Wouldn’t it suck if, due to unforeseen reasons, Singapore Airlines scraps their A350-900ULR (Ultra Long Haul) business class product for good? And that I totally wasted my time writing all of this? And that my blog dies a horrible death, and then I won’t be able to feed myself and…
Yikes. Let’s just do the review and hope for the best.
Singapore (SIN) – Los Angeles, CA (LAX)
Monday, January 27, 2020
Duration: 14 hours 13 minutes
Seat: 15K (business class)
Table of Contents
The full video review of my flight from Singapore to Los Angeles
To be honest, it would’ve been absolutely no problem for me to have made this Singapore Airlines business class review video 45 minutes long. I most certainly had enough footage to do it, and the challenge was real trying to parse it all down to less than 15 minutes.
That being said, I still felt like I was able to accurately document the Singapore airlines A350 business class experience in just 12 minutes and 38 seconds. I mean, anything longer than that would’ve just been repetitive footage of myself saying “oh my God” over and over again.
Finding just the right music to match my overexcited feeling was absolutely no problem with Epidemic Sound. Their vast library of YouTube friendly music made easy work of trying to find just the right music (and sound effects) for conveying exactly how spicy and hot that main entrée was at the 7:13 mark.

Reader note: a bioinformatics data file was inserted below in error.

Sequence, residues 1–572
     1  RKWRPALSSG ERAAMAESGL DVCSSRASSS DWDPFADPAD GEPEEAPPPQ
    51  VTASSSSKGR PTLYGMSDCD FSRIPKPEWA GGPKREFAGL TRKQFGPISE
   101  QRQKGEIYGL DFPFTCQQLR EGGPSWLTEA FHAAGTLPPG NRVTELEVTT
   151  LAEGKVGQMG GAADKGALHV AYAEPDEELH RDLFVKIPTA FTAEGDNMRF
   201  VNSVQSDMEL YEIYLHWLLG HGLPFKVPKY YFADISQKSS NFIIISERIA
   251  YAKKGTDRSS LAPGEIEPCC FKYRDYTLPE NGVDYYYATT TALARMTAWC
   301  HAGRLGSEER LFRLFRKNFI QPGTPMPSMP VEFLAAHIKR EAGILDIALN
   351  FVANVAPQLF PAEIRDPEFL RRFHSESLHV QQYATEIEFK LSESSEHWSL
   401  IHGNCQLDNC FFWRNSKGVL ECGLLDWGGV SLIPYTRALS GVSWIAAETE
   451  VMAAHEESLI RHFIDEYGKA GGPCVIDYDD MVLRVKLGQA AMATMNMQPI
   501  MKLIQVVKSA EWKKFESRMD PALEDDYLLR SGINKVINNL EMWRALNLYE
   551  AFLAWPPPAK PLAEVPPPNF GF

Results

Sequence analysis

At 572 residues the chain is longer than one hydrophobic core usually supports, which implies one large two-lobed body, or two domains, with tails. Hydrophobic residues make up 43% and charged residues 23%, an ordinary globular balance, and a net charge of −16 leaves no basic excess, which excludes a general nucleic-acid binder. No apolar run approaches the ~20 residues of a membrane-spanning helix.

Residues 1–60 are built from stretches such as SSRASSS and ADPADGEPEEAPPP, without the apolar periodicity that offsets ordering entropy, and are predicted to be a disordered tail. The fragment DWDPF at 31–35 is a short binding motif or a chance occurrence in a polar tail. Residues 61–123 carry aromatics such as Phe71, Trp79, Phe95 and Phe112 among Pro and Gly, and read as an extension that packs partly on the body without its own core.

Full transcript of my video review (with pics!)
For those of you not familiar with the way I do things, the following is a full transcript of the video I created for this flight. Do be sure to watch that if any of this looks interesting…
Arrival at Changi Airport (Terminal 3)
The amazing SilverKris lounge at SIN
Anyway, this is an amazing lounge, and I will be posting a completely separate (and more thorough) review of it soon. Do stay tuned…
The pre-departure experience
Boarding flight number 38 to Los Angeles
The first moments in the air
The dinner service
Well, that didn’t go quite as expected. I’m drenched in sweat, my nose is still runny, and…my insides hurt. There’s no telling what the aftermath will be, but let’s just hope we make it to LA before things get ugly!
The second meal service
Arrival in Los Angeles (and final thoughts)